Teacher perceptions on Generative AI in programming classes

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In September and October 2023, the teachers within Utrecht University’s Information and Computing Sciences faculty were asked to respond to a short survey based on the ITiCSE 2023 paper The Robots are Here: Navigating the Generative AI Revolution in Computing Education. The survey explored teachers’ opinions about allowing Generative AI in programming classes, ethical boundaries when using Generative AI, and perspectives on the importance of teaching or using Generative AI. The survey also captured information about the teachers’ experiences in teaching and with Generative AI.  

The survey garnered 41 complete responses, the majority of whom had over 10 years of teaching experience, had taught classes in the last year with over 100 students, and taught both Bachelor's and Master's courses that taught or required programming skills. Most teachers do not use Generative AI regularly. The responses show that Generative AI is mostly used for textual purposes, followed by images and code. 75% of respondents have never used Generative AI when working with code, and less than 13% of respondents regularly use Generative AI for code.

use of genAI

When teachers were asked if they had a policy in their course syllabus about the use of Generative AI, only 38% of respondents stated that they had a Generative AI policy in their syllabus. This number is surprisingly low when looking at the thought of respondents about the Generative AI policies of the university.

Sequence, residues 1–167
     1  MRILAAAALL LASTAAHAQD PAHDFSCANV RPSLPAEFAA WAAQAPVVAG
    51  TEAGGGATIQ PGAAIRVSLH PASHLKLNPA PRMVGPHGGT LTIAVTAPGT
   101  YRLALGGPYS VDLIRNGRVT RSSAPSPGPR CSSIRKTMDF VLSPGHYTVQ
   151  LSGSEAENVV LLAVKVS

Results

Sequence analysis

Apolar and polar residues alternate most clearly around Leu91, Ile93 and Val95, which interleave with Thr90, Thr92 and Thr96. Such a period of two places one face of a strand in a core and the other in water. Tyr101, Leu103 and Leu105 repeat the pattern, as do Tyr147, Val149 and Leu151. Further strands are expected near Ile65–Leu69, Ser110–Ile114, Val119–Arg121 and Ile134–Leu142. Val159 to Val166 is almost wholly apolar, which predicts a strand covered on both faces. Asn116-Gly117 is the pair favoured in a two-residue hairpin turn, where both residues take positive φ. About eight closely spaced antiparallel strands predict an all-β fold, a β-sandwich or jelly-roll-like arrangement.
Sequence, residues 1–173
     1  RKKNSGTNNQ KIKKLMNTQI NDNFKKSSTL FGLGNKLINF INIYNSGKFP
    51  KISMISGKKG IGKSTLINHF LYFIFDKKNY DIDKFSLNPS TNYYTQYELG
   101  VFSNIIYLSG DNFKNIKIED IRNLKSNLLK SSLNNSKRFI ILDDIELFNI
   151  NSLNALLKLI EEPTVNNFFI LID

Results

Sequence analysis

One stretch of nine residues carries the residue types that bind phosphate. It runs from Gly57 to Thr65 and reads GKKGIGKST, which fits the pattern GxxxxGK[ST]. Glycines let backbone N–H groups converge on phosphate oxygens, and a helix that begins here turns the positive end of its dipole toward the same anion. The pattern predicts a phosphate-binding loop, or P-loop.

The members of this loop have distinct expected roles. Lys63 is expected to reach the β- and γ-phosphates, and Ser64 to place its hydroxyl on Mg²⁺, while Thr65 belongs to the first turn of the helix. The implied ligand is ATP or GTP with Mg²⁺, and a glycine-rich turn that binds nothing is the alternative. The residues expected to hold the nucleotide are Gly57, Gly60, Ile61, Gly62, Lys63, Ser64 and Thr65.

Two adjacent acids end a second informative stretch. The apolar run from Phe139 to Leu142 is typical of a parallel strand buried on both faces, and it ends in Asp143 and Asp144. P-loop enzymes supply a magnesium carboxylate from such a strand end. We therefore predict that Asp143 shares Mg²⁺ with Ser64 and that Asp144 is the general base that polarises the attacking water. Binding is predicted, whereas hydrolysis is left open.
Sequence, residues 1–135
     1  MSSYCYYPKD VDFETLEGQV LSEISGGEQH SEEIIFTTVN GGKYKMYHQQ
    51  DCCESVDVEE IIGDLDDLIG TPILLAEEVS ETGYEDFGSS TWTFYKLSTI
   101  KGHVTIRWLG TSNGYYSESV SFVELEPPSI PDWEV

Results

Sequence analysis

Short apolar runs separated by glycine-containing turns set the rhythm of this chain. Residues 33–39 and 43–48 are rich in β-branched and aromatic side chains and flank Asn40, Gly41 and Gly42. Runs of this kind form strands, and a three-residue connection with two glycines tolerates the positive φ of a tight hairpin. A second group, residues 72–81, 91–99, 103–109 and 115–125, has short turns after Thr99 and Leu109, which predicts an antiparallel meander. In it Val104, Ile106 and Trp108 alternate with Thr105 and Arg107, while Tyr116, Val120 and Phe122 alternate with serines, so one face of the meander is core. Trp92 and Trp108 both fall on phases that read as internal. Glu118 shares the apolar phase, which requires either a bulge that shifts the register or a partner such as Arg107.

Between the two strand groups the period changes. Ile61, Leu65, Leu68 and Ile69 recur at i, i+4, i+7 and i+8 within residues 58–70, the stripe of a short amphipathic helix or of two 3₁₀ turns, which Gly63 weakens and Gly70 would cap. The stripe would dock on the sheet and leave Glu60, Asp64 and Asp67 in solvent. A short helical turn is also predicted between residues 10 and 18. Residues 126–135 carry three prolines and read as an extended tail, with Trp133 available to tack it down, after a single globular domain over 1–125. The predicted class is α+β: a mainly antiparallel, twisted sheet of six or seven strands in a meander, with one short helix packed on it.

policy on GenAI in course syllabus

More than half of respondents indicated that the Generative AI policies of the university and the faculty were unclear to them. The following infographics shows that, for teachers, these policies become more unclear in higher institutional levels. There should be at least a clear faculty wide policy were teachers can base their own course policies on. So that every course has the rules about the use of Generative AI incorporated in the course syllabus and that the level of allowance of AI tools is clear for both teachers and students.

clarity of policies on generative AI

The majority of teachers thought that ‘some’ or ‘many’ students were using Generative AI unethically. The vast majority of respondents believed that auto-generation or translation of complete solutions was unethical, but only a handful of respondents stated that having Generative AI find bugs, ‘explain’ how to solve the problem, and generate small portions of code was unethical.

views on unethical use of generative AI
opinions on ethical practices of generative AI

Teachers didn’t believe that Generative AI will replace human teachers, but they do expect to use Generative AI in their teaching practices in the future. There is a majority of respondents that believes there should be restrictions on the use of Generative AI tools in course work. However, around half of the responds do not actively check on the use of Generative AI tools and can not detect code that is written by Generative AI. Teachers are are concerned that Generative AI tools will harm students’ learning and that they will become over reliant on these tools.

Teachers opinions of the potential harms of generative AI

These are just a few of the observation made from the results of the Teacher survey, a more elaborate analysis can be found here